Yet what we get is a rollicking, lively, energy-filled show full of joie-de-vivre, happiness and laughter.
Little wonder that this group is a legend in their own, substantial, lifetime. It’s full of zest happiness and vitality. No nonsense, no gimmicks – simply good, straightforward a-capella singing from people to whom music is the mainstay of their life. And they enhance their songs with plenty of high-energy choreography that many a ballet troupe would be hard put to match.
Setting the night off to a great start was one-man band Munto Valdo, the biggest new name on the world music scene. His mouth worked the harmonica, his hands the acoustic guitar and his feet the synthesiser. And between breaths his voice soared in beautiful harmonies.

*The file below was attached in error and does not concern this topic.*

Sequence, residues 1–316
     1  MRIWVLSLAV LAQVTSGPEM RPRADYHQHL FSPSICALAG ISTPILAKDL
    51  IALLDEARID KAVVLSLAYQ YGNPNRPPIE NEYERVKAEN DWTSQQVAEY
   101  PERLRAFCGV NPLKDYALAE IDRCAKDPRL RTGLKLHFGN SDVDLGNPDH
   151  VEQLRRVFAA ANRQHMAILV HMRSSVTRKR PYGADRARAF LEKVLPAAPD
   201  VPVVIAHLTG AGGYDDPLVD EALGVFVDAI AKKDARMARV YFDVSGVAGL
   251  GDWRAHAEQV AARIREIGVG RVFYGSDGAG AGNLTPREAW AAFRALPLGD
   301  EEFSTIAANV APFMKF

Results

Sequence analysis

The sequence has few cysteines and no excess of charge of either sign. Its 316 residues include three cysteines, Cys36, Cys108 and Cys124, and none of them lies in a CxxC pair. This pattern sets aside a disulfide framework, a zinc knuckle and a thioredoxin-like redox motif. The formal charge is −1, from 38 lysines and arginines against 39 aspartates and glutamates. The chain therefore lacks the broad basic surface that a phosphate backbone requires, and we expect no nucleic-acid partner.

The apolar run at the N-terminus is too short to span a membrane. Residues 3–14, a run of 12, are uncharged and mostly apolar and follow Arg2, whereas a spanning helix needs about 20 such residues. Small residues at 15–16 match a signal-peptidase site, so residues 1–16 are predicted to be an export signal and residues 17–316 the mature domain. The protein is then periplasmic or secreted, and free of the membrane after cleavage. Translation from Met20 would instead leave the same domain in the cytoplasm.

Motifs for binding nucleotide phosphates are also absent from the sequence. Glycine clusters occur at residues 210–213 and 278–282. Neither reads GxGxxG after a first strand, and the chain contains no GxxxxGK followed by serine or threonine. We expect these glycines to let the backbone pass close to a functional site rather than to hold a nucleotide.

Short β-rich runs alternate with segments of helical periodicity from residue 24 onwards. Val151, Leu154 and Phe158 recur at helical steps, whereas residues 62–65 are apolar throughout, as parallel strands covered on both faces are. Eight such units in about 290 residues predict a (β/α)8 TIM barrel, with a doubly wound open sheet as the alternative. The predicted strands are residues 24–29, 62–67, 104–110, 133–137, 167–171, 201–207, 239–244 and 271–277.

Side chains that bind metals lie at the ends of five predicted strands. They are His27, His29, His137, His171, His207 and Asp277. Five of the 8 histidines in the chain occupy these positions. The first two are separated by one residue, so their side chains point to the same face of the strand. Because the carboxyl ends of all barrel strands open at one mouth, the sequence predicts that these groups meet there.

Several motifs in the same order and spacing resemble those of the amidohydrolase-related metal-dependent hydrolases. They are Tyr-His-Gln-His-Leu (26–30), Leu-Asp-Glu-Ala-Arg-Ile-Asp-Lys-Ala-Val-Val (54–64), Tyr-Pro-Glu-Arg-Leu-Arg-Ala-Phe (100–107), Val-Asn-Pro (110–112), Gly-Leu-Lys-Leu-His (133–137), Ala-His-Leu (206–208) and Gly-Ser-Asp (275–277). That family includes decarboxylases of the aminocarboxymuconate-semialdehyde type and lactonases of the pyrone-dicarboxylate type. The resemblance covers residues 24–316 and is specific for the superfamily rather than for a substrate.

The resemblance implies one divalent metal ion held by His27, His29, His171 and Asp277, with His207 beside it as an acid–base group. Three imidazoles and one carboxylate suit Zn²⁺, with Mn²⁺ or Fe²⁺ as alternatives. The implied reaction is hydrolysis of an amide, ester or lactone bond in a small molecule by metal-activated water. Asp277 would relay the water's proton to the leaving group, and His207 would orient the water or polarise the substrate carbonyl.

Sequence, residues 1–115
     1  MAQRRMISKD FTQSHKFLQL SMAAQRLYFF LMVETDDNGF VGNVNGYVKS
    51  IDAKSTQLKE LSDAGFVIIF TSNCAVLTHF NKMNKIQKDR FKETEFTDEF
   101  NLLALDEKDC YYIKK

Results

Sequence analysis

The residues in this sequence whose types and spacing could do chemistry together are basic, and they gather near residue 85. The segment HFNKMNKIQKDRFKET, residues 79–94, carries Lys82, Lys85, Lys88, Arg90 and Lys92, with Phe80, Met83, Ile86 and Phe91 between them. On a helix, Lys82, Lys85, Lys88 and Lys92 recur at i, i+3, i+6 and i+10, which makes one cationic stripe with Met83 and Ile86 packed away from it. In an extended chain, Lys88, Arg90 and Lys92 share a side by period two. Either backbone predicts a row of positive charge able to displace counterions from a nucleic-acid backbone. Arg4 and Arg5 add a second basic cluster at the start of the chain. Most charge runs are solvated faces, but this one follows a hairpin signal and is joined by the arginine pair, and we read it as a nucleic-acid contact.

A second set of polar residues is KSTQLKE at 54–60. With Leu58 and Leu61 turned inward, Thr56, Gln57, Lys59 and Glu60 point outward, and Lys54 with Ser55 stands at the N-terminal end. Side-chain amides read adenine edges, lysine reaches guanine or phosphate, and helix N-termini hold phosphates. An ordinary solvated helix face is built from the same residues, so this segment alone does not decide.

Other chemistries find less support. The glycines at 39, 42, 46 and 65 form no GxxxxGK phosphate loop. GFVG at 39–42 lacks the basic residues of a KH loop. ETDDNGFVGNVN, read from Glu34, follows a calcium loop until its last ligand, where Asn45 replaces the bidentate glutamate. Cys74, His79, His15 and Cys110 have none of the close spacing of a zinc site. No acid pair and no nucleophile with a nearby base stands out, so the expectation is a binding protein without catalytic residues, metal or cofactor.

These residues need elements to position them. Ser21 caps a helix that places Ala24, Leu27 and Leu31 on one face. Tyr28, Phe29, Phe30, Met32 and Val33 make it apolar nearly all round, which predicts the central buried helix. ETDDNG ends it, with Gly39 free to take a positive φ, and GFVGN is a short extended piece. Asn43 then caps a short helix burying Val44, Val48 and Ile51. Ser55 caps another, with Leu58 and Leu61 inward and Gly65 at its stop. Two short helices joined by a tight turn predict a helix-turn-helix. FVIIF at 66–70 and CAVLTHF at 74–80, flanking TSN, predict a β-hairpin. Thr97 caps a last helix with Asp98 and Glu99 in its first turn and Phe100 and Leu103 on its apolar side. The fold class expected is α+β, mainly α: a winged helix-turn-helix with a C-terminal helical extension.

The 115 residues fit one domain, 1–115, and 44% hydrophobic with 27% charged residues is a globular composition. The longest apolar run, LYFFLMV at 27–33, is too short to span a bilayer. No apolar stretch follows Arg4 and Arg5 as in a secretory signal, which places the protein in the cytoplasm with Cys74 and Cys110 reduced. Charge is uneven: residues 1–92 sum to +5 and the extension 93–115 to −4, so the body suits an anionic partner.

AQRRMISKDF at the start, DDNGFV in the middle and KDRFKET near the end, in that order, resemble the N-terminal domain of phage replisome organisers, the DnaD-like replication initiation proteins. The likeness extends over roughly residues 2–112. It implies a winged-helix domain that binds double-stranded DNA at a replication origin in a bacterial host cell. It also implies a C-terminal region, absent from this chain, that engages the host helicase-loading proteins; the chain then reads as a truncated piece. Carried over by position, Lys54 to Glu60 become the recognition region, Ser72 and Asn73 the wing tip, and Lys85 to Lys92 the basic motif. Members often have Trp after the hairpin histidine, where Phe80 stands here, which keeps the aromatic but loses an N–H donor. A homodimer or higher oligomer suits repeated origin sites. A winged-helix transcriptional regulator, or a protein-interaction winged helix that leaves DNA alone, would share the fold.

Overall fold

A joyous night with music and performers a million miles from X-Factor clones and all the better for it.

Tognetti triumphs

Good to see Australian National Treasure Richard Tognetti winning headlines in the UK with a highly laudatory full page feature in the Sunday Telegraph extolling his role as artistic director of the recent Maribor Festival.
Apparently Tognetti’s influence inspired an influx of players and camp followers from the ACO that included “a blistering concert” from the Aussie band. Reviewer John Allison hailed the ACO as “one of the finest chamber orchestras in the world” and said its playing is consistently alive because “its musicians – rather like actors in a repertory theatre company – are always bouncing off each other in a spirit of fun”.
Much more was written in praise of Tognetti’s leadership and playing plus the way he tailored his innovative programme to Maribor’s numerous unique venues.
It’s worth noting the Slovenian city is due to become a European Capital of Culture in 2012 when Tognetti’s next festival is due to take place. A date for the diary indeed.